The Pitfall of Coverage by Estoppel in Georgia


By: Phil Savrin
The Supreme Court of Georgia swept aside many decades of case law recently when it decided that an insurer cannot rely on policy provisions to deny coverage if it defends its insured without reserving its rights.  Before the World Harvest decision, the cases seemed to require that the insured had to show that the insurer had prejudiced the insured’s rights in some fashion.
While the decision may seem harsh to insurers, the Supreme Court made clear that there are no formalities needed for an insurer to reserve its rights, which does not even need to be in writing.  There must be evidence, at a minimum, that the insurer “fairly informed” the insured of the possibility that the claim might not be covered by the policy so that the insured can decide whether to take steps to protect its interests apart from the insurer’s provision of a defense.
Indeed, reservation of rights agreements are just that:  an agreement between the parties that can be negotiated as to the terms of the insurer’s provision of a defense.  The agreement does not even need to be expressly accepted by the insured, as case law holds that the insured is “deemed” to have accepted the terms of the reservation of rights if it allows the insurer to control the defense after having been informed of the potential coverage issues.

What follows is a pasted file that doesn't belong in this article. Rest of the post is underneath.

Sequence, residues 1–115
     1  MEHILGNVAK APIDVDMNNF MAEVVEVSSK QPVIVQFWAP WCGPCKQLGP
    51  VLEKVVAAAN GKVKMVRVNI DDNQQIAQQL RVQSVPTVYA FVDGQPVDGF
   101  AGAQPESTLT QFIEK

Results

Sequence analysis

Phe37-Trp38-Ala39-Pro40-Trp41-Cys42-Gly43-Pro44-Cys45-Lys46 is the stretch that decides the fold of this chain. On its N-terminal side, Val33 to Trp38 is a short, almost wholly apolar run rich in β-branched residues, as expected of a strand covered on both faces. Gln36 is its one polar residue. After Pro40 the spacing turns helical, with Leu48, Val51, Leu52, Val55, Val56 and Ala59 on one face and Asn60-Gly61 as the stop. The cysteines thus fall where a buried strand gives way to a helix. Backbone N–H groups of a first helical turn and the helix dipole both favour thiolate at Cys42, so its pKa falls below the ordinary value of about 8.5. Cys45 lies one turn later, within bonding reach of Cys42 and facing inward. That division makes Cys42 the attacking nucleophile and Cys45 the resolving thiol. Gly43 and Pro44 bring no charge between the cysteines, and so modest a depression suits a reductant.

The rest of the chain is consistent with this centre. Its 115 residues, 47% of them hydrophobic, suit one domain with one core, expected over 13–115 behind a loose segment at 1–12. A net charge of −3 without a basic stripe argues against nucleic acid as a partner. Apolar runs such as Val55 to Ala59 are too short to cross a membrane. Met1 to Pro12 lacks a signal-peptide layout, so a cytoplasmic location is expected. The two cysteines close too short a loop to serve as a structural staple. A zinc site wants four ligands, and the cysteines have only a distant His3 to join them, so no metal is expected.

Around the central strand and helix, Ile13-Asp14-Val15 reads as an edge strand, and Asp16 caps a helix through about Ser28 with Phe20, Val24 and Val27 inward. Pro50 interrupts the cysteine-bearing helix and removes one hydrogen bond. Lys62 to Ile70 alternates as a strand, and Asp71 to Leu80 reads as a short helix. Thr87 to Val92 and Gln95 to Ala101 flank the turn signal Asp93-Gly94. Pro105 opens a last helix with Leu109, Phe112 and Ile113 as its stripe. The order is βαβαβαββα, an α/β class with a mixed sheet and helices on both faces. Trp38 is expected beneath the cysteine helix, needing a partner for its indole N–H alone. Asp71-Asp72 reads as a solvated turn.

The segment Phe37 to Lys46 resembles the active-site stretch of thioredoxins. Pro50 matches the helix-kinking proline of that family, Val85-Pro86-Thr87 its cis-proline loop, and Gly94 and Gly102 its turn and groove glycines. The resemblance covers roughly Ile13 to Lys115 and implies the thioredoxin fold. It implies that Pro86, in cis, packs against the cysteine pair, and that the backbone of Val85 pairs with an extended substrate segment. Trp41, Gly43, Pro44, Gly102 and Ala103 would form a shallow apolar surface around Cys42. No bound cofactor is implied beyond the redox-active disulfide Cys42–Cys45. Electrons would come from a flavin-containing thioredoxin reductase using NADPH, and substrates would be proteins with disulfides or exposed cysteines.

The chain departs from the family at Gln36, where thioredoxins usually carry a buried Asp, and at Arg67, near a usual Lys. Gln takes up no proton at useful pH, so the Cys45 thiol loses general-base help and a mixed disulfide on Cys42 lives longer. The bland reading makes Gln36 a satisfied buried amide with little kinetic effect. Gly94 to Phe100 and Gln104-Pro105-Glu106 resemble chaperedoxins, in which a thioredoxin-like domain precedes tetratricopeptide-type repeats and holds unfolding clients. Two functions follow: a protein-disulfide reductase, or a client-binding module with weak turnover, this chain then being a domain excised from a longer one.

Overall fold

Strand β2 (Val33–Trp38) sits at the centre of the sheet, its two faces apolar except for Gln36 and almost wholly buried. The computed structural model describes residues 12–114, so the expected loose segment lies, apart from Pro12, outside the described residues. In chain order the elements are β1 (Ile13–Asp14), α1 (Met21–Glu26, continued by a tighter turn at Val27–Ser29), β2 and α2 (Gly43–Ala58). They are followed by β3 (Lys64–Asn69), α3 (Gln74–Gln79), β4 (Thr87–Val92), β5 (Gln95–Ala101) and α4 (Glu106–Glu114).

A recent decision by a federal judge makes clear that the terms of the reservation of rights can be quite broad, as he enforced a provision that allowed the insurer to recover defense costs paid on the insured’s behalf, after a finding that the claim was not covered by the policy.
What this means is that, in Georgia at least, both insurers and insureds should consider the terms of the reservation of rights at the outset of the case.  For its part, the insurer should include terms that it believes are necessary and reasonable to protect its interests in the event the claim turns out not covered by the policy.  Insureds, on the other hand, should inform themselves of any potential downsides in accepting the terms of a defense under reservation of rights, and either reject or negotiate unwarranted terms before allowing the insurer to control their interests.  Once the defense is underway, the rights of both parties may be set with little relief available thereafter from the terms of the defense, with or without a reservation of rights agreement in place.